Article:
By Thomas Holm Møller, Sri Prabhakaran and Joongshik Wang
As many organizations feel the need to transform their operations and demonstrate results, their digital investments are again breaking records this year, up 65% from 2020, according to the EY-Parthenon Digital Investment Index 2022 (DII), a study of 1,500 C-level executives with responsibility for digital transformation and technology decision-making.
Speed and success are key. Nearly three-quarters of leaders (72%) say they need to radically transform their operations over the next two years to stay competitive, up from 62% in 2020.
Leaders in digital performance
A select group of “digital performance leaders” are breaking away from the pack.
This group, which represents 8% of the survey sample, includes organizations whose leaders are “strongly willing” to lead others on digital initiatives. Respondents report that they are more likely to outperform digital investments and mature digital investments faster.
Digital performance leaders are also more likely to track the performance of digital investments and drive greater financial impact (Figure 1).
Figure 1: Financial impact of digital investments as reported by survey respondents
The secrets of their success
Digital leaders have achieved outsized value creation by investing heavily in core capabilities and growing their teams, technology, and data platforms. Leaders took four key actions to accelerate their digital strategies:
- Focus digital investments on innovation and new products and services. Executives say their digital investments in 2021 improved the customer experience (55%) and supported the launch of digital products and services (58%). And 48% say launching products and services will be a primary focus of their investments.
- Maintain a “fail fast” agile culture. Forty percent of leaders, compared to 28% of other respondents, say they maintain a fail-quick culture that encourages employees to experiment and enables greater agility and speed than previous processes.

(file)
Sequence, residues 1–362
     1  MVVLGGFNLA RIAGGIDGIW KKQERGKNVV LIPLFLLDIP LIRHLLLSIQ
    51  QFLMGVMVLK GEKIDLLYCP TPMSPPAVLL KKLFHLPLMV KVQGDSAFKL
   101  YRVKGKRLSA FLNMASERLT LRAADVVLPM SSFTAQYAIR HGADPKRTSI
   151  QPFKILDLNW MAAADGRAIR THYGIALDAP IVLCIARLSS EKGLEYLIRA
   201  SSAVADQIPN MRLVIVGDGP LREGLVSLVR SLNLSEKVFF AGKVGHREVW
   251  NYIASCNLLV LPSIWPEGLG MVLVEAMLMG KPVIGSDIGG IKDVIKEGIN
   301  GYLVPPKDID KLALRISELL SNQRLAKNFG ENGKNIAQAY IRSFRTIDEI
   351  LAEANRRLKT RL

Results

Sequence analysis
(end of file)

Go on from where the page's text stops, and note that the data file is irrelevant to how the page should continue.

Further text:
- Centralize operating models with a strong, results-driven incentive system. The vast majority (87%) take a centralized approach to governance and oversight of benefits and costs. These companies maintain a clear incentive structure and measures of success. Nearly eight in 10 leaders (79%) have a formal program to identify, measure and report digital results. Leaders create a results management office-like governance program with an agile operating model to provide rigor, speed, and meaning to investment decisions. This program can also track usage and customer feedback with real-time dashboards to provide direct input into current and future strategies.
- Empower team leaders or change agents to socialize and champion digital projects that need further consideration. A large majority of leaders have taken the lessons of the pandemic to heart: maintaining flexibility in their workplace, developing new strategies to attract talent, and formalizing approaches to measuring the results of digital investments. Digital leaders stand out by evaluating the impact of company culture on digital transformation strategies and initiatives: 46% say they consider culture changes when mapping digital strategies, compared to 31% of others. Leaders are also significantly less likely than others to cite talent and skill gaps and lack of alignment across organizational units as barriers to achieving a high digital return on investment (RODI).
The next frontier